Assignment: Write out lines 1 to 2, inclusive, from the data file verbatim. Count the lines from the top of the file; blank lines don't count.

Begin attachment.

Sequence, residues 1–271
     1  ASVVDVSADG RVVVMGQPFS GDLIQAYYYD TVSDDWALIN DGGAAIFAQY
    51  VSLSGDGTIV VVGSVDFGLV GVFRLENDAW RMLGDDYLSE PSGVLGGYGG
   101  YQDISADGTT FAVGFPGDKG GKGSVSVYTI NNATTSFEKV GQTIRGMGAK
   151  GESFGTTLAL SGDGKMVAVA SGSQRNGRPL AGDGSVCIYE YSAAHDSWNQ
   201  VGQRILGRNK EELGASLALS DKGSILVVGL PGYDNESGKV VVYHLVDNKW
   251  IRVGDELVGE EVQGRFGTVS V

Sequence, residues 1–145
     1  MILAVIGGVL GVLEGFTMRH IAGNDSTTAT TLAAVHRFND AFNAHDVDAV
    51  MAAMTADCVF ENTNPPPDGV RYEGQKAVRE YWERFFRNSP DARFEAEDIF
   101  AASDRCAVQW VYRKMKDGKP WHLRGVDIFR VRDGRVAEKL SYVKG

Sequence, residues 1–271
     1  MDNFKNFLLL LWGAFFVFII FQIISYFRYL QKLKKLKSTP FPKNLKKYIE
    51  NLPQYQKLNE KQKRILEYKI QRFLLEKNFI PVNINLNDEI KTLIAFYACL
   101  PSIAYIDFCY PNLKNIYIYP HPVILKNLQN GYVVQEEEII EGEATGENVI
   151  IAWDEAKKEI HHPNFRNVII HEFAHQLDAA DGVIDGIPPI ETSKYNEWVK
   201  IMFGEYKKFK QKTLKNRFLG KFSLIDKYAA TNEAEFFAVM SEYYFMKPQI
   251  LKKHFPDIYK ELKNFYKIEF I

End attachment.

Sequence, residues 1–271
     1  ASVVDVSADG RVVVMGQPFS GDLIQAYYYD TVSDDWALIN DGGAAIFAQY